- The Washington Times - Tuesday, November 16, 2004


Wholesale costs — catapulted by more expensive energy and food — soared last month by the largest amount in more than 14 years.

With inflation at the producer level accelerating sharply after months of being quite well-behaved, chances are rising that on Dec. 14, the Federal Reserve Board will boost interest rates for a fifth time this year.

The Producer Price Index (PPI), which measures the costs of goods before they reach store shelves, jumped by 1.7 percent in October, compared with a tiny 0.1 percent in September, the Labor Department reported yesterday. The increase was the largest since January 1990.

Wholesale gasoline and home heating oil prices were up by 17 percent for the month.

“A period of pretty tranquil inflation has passed — with a vengeance,” said economist Ken Mayland, president of ClearView Economics.

Wanting to make sure inflation doesn’t become a threat to the economy, Chairman Alan Greenspan and his Federal Reserve colleagues embarked on a campaign in June to raise short-term interest rates from what had been extraordinarily low levels to more normal ones.

Yesterday’s price report reinforced Fed policy-makers’ conviction about raising rates “before anything bad happens,” said Bill Cheney, chief economist at John Hancock Financial Services.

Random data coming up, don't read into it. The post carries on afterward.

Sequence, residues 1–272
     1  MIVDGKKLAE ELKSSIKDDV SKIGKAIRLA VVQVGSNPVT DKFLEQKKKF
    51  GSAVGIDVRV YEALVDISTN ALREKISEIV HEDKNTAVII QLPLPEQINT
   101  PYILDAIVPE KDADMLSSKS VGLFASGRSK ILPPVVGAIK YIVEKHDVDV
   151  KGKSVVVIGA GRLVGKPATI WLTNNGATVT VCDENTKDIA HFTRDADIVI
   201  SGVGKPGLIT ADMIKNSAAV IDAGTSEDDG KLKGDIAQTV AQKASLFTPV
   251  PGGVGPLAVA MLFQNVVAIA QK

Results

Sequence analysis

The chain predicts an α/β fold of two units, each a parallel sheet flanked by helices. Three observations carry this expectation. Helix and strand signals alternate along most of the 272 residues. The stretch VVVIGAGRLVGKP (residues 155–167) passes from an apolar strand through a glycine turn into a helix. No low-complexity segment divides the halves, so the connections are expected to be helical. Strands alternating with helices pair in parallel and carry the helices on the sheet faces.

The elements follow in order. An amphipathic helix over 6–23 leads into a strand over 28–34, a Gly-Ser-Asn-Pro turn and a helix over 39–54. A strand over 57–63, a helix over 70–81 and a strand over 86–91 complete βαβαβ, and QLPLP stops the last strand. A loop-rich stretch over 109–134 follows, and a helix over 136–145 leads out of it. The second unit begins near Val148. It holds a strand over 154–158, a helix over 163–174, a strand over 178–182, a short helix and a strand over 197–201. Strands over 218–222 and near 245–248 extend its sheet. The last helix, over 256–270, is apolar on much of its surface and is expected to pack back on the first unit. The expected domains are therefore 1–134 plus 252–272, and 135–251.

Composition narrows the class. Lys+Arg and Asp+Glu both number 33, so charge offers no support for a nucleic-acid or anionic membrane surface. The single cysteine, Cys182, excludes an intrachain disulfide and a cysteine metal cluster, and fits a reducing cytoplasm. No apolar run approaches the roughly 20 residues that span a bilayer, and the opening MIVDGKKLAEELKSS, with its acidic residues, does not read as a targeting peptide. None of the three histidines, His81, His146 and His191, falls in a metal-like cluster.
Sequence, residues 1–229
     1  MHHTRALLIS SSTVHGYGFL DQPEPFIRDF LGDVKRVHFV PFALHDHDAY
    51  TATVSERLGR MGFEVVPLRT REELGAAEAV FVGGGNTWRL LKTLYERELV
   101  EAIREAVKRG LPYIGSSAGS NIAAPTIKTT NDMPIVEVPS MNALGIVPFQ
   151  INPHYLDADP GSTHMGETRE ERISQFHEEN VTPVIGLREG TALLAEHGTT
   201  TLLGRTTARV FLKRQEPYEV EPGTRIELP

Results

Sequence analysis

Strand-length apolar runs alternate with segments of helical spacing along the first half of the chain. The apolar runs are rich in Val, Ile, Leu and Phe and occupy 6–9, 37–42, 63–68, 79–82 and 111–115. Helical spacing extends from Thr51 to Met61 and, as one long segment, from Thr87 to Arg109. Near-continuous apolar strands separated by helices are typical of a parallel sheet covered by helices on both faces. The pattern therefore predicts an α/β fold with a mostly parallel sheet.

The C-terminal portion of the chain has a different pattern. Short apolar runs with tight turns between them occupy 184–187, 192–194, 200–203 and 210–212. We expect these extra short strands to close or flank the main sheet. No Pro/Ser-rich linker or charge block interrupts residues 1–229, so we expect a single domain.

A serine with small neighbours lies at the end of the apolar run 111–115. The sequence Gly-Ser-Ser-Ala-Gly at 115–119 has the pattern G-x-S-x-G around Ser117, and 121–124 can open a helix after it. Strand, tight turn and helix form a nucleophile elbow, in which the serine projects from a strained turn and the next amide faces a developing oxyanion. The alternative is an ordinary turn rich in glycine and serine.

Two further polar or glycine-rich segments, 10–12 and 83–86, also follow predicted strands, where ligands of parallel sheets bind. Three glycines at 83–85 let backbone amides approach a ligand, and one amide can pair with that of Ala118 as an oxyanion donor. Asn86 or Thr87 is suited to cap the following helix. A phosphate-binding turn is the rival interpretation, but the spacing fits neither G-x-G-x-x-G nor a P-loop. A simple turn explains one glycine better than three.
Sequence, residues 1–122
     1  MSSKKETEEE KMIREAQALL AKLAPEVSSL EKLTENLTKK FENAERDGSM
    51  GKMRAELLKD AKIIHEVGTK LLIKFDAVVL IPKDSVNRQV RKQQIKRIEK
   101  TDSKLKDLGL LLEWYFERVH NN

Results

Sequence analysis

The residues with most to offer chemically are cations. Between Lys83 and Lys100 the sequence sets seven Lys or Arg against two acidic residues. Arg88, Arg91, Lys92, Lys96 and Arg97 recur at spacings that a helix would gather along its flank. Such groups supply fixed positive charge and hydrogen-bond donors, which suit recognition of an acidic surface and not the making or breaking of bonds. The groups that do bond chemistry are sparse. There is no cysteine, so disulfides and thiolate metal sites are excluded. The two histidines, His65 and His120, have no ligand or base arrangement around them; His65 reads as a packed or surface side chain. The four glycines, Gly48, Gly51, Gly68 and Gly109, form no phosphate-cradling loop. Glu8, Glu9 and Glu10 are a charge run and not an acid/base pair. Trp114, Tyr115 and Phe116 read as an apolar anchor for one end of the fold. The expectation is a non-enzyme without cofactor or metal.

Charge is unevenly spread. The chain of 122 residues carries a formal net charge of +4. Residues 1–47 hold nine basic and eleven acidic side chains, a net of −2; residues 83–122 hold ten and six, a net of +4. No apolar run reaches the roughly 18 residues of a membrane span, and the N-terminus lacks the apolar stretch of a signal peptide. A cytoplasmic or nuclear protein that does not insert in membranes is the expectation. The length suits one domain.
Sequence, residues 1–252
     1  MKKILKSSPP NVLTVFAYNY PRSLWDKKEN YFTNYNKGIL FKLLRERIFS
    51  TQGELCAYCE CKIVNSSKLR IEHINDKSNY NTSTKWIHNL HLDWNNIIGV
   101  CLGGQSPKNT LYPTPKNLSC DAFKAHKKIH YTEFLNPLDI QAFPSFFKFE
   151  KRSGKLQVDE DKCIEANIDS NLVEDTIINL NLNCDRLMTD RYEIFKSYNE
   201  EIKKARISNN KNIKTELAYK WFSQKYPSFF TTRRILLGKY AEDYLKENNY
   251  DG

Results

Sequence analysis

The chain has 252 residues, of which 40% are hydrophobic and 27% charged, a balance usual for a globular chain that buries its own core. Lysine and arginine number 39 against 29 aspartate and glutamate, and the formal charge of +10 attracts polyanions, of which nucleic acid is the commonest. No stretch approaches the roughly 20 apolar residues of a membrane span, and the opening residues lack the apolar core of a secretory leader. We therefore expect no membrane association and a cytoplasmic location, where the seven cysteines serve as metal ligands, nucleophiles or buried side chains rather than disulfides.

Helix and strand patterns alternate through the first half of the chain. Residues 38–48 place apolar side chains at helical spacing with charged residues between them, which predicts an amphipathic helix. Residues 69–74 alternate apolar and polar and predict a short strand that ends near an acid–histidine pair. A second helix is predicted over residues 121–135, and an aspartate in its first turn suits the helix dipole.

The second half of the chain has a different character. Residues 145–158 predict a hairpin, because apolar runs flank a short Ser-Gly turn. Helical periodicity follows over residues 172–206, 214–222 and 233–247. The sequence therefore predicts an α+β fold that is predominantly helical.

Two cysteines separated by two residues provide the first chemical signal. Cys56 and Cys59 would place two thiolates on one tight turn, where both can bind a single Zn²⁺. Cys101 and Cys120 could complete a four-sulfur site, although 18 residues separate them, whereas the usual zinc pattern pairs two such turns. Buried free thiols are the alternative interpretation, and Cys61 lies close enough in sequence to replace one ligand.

The Fed thus far has ordered four quarter-point rate increases. The most recent one, last week, left the federal funds rate, the Fed’s main tool for influencing economic activity, at 2 percent.

In the PPI report, excluding energy and food costs, which can swing widely from month to month, core wholesale prices climbed in October by 0.3 percent for the second consecutive month .

Economists had forecast a 0.6 percent increase in overall prices and a 0.1 percent increase for core prices.

The economy’s soft patch in the spring and early summer had helped to keep wholesale prices relatively subdued, economists said. Now that the economy is picking up, inflation probably will be on the rise as well. A weaker U.S. dollar also is putting pressure on prices of imported goods, which gives U.S. producers more room to raise their prices.

Looking ahead, most economists don’t foresee big spikes in wholesale prices such as the one in October.

Although energy prices are likely to remain high, crude oil costs have retreated from record highs. And food prices should calm down after the hurricane-related supply disruptions that contributed to October’s big increase, analysts said.

“The recent spike … should prove temporary,” said a hopeful Mark Vitner, economist at Wachovia.

Still, economists were bracing for today’s report on consumer prices for October. In light of the PPI figure, some raised their forecasts from a 0.4 percent rise to 0.5 percent, well above September’s 0.2 percent.

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